Apps, as e-commerce companies told anyone who cared to listen, were the future. A lot of money went into creating a “seamless” experience for consumers. Last year, fashion retailer Myntra became the first major e-commerce firm to go app-only, a step that looked logical because 90% of its traffic and 70% of sales came through the mobile app.
Several others followed suit, among them food delivery apps Dazo and Tiny Owl. UrbanClap, the online marketplace that connects customers to service professionals, was launched in November 2014 on both web and app, but only on the mobile, not on the PC.
Companies chased the mobile as they could see its usage boom. India has 371 million mobile internet users. In the first six months of this year alone, it added 65 million, says Internet & Mobile Association of India.
However, as mobile phone usage rose, so did the ‘uninstall rate’ for apps. Gurgaon-based mobile analytics platform Uninstall.IO says the rate is as high as 90%. Remarkable is the app that lasts more than a week on the phone.
When it came to using shopping apps, people worried about payment failure, delivery issues, and security. In the HT-MaRS smartphone survey, more than 61% of women said they were concerned about product quality, and more than 10% of housewives said they were worried about payment security. Almost 30% of men expressed worry about payment failure.
The limits of the app-only approach pushed firms, including Myntra and UrbanClap, back to the drawing board. Food apps Dazo and TinyOwl have shut down. Flipkart, which was expected to go app only, abandoned the plan.
Myntra’s website staged a comeback in June. “The desktop site was launched to offer a segment of consumers who wanted the option to shop on the website, too, and we listened,” said a spokesperson for Myntra. “We also launched new categories, such as home furnishing and fine jewellery, where the desktop can provide a better browsing experience.”
Indeed, the browsing experience of a larger screen, such as the PC’s, is indispensable for those selling furniture. “Companies are now accepting that apps also have their weaknesses, you have to download them and keep updating them. There are certain segments, such as ordering a taxi, for which apps are more suitable,” says Ashish Goel, co-founder of Urban Ladder, an online furniture seller. “For us, having a desktop website is an important, a five-inch screen won’t throw up the real impact of a large sofa set or a double bed.” Still, Urban Ladder gets 50% of its revenue from mobile.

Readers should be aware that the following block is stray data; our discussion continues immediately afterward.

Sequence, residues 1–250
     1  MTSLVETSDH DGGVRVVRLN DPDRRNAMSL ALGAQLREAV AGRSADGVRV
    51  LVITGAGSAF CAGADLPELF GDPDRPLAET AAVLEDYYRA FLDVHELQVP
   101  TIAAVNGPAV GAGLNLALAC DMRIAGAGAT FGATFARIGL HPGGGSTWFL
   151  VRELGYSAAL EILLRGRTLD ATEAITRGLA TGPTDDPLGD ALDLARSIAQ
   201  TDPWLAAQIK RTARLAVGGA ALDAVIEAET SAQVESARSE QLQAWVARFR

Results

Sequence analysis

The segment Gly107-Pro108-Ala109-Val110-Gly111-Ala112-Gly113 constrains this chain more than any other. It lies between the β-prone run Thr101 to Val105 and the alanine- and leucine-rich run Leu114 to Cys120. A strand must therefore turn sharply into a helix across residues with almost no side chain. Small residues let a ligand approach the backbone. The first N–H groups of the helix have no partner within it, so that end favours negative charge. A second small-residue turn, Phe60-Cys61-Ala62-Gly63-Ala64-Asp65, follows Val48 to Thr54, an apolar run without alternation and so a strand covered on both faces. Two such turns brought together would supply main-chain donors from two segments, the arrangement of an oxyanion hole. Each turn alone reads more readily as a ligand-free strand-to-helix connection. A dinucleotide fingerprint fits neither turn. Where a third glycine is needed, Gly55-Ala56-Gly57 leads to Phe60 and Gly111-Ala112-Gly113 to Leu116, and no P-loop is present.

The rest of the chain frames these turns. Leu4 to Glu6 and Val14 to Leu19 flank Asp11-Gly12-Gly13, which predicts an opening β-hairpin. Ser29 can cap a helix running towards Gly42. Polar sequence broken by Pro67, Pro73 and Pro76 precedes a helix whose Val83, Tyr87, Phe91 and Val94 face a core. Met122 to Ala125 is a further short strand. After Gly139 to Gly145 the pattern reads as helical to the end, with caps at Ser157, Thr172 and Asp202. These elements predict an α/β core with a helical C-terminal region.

Varun Khaitan, co-founder of Urban Clap, says the app debate has to also look at the large user traffic that comes from Google. “We cannot afford losing consumers from the Google search. Ditching desktop versions is not affordable, at least in our business, where every person sitting on a laptop is a potential customer.”
This lesson was learned over the course of a year. Urban Clap launched a PC version of its website a year after the app. The PC already contributes more than 40% of its turnover. “There are several consumers who work on laptops and desktops in offices and try to get work done at home,” says Khaitan.
Arvind Singhal, chairman of the management consultancy firm, Technopak Advisory, says the app-only strategy makes little sense. “Shutting the desktop browser was an inappropriate business move. A popular e-commerce website ended up diverting its traffic towards its rivals. A company can chase the youth with its app, but it is important to be available at multiple devices to chase a larger spectrum of audience.”
It is believed that Flipkart, which owns Myntra, used the fashion retailer to test waters for its own plans of going app-only. In May 2015, when Myntra shut its mobile and desktop websites, Sachin Bansal, the chief executive of Flipkart at the time, said it was only a matter of time before Flipkart followed suit. It didn’t.